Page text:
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Goodman Grant Veterinarians

We've always got something to say about what's happening in the dental business and that's why we are regular contributors for a number of industry journals.

Here you will find a selection of our latest articles, ranging from employment and regulatory issues to contracts and property issues.

Everyone at Goodman Grant is encouraged to contribute, which reflects the wide range of specialist experience we have within the team.

If there's a subject not covered here then please get in touch and we will see what we can find in the archives.

 

Your Vet Staff: How to Manage the Biggest Asset of Your Practice

Laying down a solid legal foundation for your staff is an essential step for creating a workplace where both you and your team can thrive. - FB AD_a)-2.jpg

 

“If you look after your staff, they’ll look after your customers. It’s that simple.” Richard Branson brilliantly conveys the importance of investing in people when running a business. The exact same same principle applies to your vet staff and practice. Gone are the days when staff viewed their job simply as a means of making money. People want and expect more support, opportunities and fulfilment from their work, and will look elsewhere if these needs aren’t being met. As counterintuitive as it may sound, laying down a solid legal foundation for your staff is an essential step for creating a workplace where both you and your team can thrive.

 

A tale of two vet surgeons

Picture this scenario. A vet practice is set up with three staff members – the vet, a veterinary nurse and a secretary. The vet is also the business owner, running the business alongside their clinical duties. They have been so busy with starting the practice and taking on new clients that they have given little thought to drawing up official contracts with their two vet staff. Things work well for a while, with the practice feeling more like a family than a workplace. The business is successful and the vet needs to hire two new employees to keep up with the growing list of clients.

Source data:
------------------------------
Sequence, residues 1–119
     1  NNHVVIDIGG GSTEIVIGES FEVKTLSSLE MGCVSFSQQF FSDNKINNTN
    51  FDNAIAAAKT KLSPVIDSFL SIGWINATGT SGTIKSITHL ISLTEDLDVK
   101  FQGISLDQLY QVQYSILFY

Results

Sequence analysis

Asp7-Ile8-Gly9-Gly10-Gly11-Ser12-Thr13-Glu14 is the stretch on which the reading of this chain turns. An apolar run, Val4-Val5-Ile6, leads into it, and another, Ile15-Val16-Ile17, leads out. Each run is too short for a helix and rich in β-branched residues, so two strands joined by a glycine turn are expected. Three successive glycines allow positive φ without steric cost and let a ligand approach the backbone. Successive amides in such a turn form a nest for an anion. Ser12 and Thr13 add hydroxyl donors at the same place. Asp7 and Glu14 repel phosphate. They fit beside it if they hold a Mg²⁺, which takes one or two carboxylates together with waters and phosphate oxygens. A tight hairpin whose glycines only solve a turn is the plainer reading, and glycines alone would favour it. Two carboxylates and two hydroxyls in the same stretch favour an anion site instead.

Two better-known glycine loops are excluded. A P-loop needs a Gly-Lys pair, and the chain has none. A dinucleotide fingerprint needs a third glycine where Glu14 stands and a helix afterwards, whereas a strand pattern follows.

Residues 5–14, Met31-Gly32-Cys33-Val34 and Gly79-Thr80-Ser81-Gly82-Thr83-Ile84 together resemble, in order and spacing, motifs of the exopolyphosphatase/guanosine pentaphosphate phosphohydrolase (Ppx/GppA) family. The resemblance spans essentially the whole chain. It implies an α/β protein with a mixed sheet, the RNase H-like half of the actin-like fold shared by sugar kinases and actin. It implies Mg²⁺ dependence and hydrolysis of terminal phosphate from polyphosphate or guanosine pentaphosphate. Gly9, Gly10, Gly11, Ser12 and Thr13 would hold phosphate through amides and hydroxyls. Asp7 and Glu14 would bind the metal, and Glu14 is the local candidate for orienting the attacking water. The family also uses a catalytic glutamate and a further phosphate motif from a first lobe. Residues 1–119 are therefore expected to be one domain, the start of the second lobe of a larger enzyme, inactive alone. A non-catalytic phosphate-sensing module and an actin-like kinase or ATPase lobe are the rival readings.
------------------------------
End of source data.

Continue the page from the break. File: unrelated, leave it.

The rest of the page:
Two years later they take on a partner and two more nurses. But things turn sour when, growing frustrated with the unstructured HR policy (lack of official contracts or benefit schemes and haphazard approach to work conduct), two of the nurses leave, giving no notice. The vets panic and quickly hire two new staff members who aren’t a suitable fit for the practice, creating tensions that force another nurse to resign.

 

Avoid disasters before they happen by attending to the legal regulations of managing staff

The horror story above is by no means a common occurrence, but it illustrates a situation that could have been avoided if the practice owner had only taken the time to draw up employee contracts and job specifications, outline a recruitment process and attend to the legal implications of hiring and managing vet staff.

 

Recruitment processes, employment contracts and staff handbooks all create a happy and successful workplace

No one loves protocol for protocol’s sake, but it’s an important part of protecting of your vet staff and helps them feel valued and protected. You need to have a clearly defined recruitment process in place to guarantee that you find and attract the best possible vet staff to your practice. Job descriptions should be clear so your employees know what’s expected of them. Employment contracts ensure that both staff members and the practice are protected. Employee handbooks and training might smack of something from your schooldays, but they encourage your team to work together, which means better vet healthcare to your clients. All of the above needs to be updated as your practice grows or legislation changes.

 

The decision to look after your staff is yours, but you can leave the nitty gritty to the professionals

Looking after your greatest asset – your people – is completely up to you, the vet practice owner. But if you fail to do so, the potential disputes can be incredibly costly and time consuming. This doesn’t mean you have to brush up on employment law to give your staff the structure and protection they deserve. With the right legal advice, you can leave the nitty gritty to the professionals, knowing that your staff’s best interests are looked after. Don’t wait until disaster strikes to lay down a solid HR policy for your most important assets.

  

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Topics: Vet Practice Legal Needs, Veterinary Practice Management, Vet Staff

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